“What’s the weather going to be like this weekend?”
“How long until spring weather arrives?”
“Should I take my raincoat?”
While none of us can do anything about the weather, we all want to be able to predict it.
February 2 is a special day in such prognostication in the US: Groundhog’s Day. At 7:25 a.m. ET on that day each year in Gobbler’s Knob, Pennsylvania, a groundhog named Punxsutawney Phil is pulled out of his mansion of a den to forecast the end of winter by seeing — or not seeing — his shadow.
Punxsutawney Phil is a marmot, also called a “woodchuck” or “whistlepig.” More specifically, he's a member of the species Marmota monax. And he is male, since female marmots tend to hibernate longer, and would generally sleep through this day. (While there are a variety of gophers and ground squirrels in western Oregon, the only marmot native to our state, the Yellow-Bellied Marmot [Marmota flaviventris], lives east of the Cascades.)
The key to the prognostication is in the shadow, not the mammal. In ancient Europe, a similar forecast was made on the actions of hedgehogs and bears arising from hibernation. The idea was that a clear Candlemas Day — mid-point between Winter Solstice and Spring Equinox — meant more cold, wintery weather ahead; a cloudy Candlemas Day meant a milder entry into spring.
One would expect such predictions to be right at least some of the time by mere chance for the tradition to survive. But there may be another explanation for this well-traveled folklore.
Though not entirely reliable, weather sometimes cycles in a two-week pattern. Low-pressure systems generally bring precipitation and other "bad" weather; high-pressure systems generally bring clear skies and other "good" weather. In general, these pressure systems alternate, normally moving west to east in the northern hemisphere.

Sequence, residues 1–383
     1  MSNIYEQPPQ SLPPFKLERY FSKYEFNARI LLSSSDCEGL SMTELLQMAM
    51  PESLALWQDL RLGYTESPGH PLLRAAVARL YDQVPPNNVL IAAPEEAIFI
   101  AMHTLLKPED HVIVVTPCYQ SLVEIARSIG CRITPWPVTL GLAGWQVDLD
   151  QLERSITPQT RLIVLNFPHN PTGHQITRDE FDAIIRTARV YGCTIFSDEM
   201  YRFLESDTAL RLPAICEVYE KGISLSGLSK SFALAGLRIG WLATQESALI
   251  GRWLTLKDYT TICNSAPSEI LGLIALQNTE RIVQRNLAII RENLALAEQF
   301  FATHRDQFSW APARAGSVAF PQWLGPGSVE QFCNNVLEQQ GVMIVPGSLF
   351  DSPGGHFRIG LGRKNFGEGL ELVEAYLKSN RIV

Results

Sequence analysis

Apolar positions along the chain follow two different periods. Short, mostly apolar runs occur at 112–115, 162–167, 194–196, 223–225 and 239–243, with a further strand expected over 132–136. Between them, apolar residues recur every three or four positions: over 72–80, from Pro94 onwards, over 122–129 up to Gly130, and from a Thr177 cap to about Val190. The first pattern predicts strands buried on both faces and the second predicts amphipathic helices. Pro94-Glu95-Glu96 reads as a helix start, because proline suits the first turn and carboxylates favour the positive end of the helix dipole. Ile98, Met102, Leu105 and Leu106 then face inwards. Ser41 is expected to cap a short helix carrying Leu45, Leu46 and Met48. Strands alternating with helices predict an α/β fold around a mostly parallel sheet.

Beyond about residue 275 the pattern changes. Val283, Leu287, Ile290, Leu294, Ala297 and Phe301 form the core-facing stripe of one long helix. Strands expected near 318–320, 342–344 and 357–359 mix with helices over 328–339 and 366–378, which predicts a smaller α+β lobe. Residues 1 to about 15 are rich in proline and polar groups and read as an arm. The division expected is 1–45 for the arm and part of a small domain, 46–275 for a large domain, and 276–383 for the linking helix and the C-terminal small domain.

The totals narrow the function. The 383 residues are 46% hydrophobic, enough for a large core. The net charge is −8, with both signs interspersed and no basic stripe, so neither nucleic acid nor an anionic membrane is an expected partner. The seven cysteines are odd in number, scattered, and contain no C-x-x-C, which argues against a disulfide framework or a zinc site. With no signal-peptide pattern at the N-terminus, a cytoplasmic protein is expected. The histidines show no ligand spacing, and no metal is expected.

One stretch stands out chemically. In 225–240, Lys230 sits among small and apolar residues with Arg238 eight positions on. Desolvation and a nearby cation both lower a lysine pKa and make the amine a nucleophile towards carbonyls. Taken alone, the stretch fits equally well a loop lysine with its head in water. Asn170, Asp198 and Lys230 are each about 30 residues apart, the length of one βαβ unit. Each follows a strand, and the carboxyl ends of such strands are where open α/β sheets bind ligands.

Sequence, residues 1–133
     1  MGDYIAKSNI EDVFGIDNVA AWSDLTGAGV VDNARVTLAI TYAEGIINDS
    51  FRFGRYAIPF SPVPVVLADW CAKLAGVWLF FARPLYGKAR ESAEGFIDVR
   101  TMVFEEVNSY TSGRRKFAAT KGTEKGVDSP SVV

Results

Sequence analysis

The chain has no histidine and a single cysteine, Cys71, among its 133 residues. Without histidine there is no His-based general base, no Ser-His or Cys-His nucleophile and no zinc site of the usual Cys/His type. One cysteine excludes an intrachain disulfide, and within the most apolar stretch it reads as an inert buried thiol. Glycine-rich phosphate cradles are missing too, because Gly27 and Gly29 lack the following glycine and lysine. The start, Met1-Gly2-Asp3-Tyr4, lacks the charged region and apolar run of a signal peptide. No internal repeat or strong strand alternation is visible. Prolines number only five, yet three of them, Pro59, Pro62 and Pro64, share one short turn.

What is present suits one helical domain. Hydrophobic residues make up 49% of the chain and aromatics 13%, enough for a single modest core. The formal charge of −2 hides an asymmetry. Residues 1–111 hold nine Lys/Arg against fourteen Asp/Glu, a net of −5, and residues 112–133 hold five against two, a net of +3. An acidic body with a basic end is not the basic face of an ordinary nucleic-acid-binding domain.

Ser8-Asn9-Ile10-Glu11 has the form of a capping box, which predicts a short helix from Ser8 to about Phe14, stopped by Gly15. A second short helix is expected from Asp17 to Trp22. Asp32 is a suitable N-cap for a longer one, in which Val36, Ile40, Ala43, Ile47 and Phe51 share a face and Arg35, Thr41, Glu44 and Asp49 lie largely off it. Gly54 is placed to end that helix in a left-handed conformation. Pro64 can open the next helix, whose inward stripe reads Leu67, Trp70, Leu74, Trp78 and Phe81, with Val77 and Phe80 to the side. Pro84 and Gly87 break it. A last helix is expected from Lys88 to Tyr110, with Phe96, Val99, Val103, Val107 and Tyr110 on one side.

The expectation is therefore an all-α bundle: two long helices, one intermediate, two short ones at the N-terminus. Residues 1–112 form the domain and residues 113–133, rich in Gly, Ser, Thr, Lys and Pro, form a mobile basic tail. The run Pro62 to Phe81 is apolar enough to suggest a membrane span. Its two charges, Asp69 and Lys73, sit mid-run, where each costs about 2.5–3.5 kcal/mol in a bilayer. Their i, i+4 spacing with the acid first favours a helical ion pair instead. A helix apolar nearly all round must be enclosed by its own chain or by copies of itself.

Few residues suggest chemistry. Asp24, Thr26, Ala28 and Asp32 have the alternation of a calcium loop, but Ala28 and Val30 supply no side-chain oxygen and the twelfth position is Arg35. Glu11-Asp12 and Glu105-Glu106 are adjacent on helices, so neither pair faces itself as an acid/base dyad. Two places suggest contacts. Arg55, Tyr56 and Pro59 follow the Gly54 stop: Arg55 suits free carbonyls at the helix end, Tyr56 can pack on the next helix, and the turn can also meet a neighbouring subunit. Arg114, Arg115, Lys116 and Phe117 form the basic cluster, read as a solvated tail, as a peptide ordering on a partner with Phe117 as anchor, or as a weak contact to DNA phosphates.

Putting all that together gives a plausible explanation in support of Groundhog Weather Forecasting. If the first week of February is sunny (high-pressure system dominating), the next low-pressure system will likely hit in mid-February, when the timing makes a cold winter storm more probable.
If the first week of February is cloudy (low-pressure system dominating), the next visiting weather system will be a high-pressure one. A cloudy Groundhog Day would mean that it would likely be later in the winter when the next low-pressure system came around. That two or three weeks would likely make that low-pressure system more spring-like; i.e., less snow and ice and more rain.
However, many factors can cause the "two-weeks" of the cycle to be unreliable, such as the relative size and the positions of the high- and low-pressure systems and the speed they're traveling, as well as various fronts and other interactions between the systems.
In fact, according to Stormfax’s analysis of 120 years’ worth of data, Punxsutawney Phil (and his many predecessors) has been correct only 39 percent of the time. <Sigh!>
However, based on the same principle of alternating pressure systems is the more reliable ditty: "Red sky at night, sailors delight; Red sky at morning, sailors take warning."
High atmospheric pressure means the atmosphere is denser in that region. More particles of air, and more particles of dust, increase the refraction of the incoming sunlight. When the sun sets with a very red sky, that's an indication of more dust (or pollution) or of a high-pressure system to the west. The prevailing westerly winds would drive a high-pressure system in the west our direction, bringing clear weather.
"Red sky at morning" would mean a high-pressure system is to the east at the rising sun. With the high-pressure system past, a rain-bearing low-pressure system is probably bearing down on us from the west: "sailors take warning."
The sky color at dawn/dusk is a more accurate prophesy because it predicts only into the very near future – the next couple of days—while foretelling weather a month or two away invites too much variety and chaos to be accurate.
While we cheer Punxsutawney Phil, it’s best to leave him to the business of being a marmot, rather than a weather forecaster.